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Silicone Gel Breast Implants Reapproved by the FDA in 2006 Columbus OH

Whether or not you can get silicone gel breast implants depends on your age. In November of 2006, the Food and Drug Administration (FDA) reapproved silicone gel breast implants for the general population for cosmetic breast augmentation. Prior to that, starting in 1991, only patients who were undergoing breast reconstruction or those with certain breast anomalies from birth could obtain silicone gel implants as part of a national silicone implant study.

Silicone History

Most breast implants that were inserted prior to 1991 had a very thin silicone gel filling as well as a very thin silicone shell. As a result, small amounts of silicone gel could leak through the shell; not enough to significantly change the size of the implant, but enough to cause a local tissue reaction increasing the incidence of capsular contracture (firm scar tissue around the implant). These were referred to as ‘low bleed’ implants. In 1991, a concern was raised that this small amount of free silicone gel could potentially cause certain immune system diseases such as rheumatoid arthritis, lupus, scleroderma and fibromyalgia. Over the ensuing fifteen years, numerous studies were performed looking at the incidence of these conditions in women with silicone implants and in women without implants. Findings revealed that there is no difference in the incidence of these diseases in these two groups which was enough evidence for the FDA to put silicone gel breast implants back on the market.

Age Requirements

At this time, patients must be 18 years of age to undergo breast augmentation with saline filled implants and 22 years old to get silicone gel breast implants. Once again, under certain circumstances, those rules can be broken for particular medical conditions which affect natural breast development resulting in absent or abnormal breast growth. It is unclear as to why those particular ages were selected by the FDA.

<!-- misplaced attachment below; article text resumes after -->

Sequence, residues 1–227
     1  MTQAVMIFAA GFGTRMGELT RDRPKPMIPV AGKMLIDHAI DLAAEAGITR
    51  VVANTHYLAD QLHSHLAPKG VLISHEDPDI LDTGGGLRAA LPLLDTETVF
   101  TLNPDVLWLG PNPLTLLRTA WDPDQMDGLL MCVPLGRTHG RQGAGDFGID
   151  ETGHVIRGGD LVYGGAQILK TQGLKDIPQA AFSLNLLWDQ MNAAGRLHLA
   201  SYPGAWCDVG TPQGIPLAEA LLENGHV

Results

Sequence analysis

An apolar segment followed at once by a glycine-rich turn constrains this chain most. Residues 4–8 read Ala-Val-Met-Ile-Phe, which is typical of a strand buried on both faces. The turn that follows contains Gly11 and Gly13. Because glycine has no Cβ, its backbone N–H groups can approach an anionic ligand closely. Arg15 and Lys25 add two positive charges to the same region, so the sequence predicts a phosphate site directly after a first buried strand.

Saline vs Silicone

The decision to choose silicone or saline breast implants can be a difficult one. Patients who have a reasonable amount of breast tissue without very thin skin frequently opt for saline implants because of the advantages of lower cost, shorter incision, lower risk of capsular contracture and the relative ease of determining when a saline implant has ruptured because of the loss of volume and obvious change in breast size. As these individuals have a reasonable amount of tissue to cover up their implants, the disadvantages of saline implants are less likely to be noticed such as rippling along the edge of the implant and an implant feel that is less natural than soft silicone gel implants which have a consistency more similar to natural breast tissue.

Those patients who have very little breast tissue are more likely to experience the negative effects of saline implants and, therefore, tend to choose silicone gel to obtain a more natural feel and to reduce the risk of implant rippling. The potential downsides of silicone gel implants include higher cost, slightly longer incision, a somewhat higher risk of capsular contracture and more difficulty in determining when an implant has lost its integrity as the size of the breast changes very little with a silicone implant rupture.

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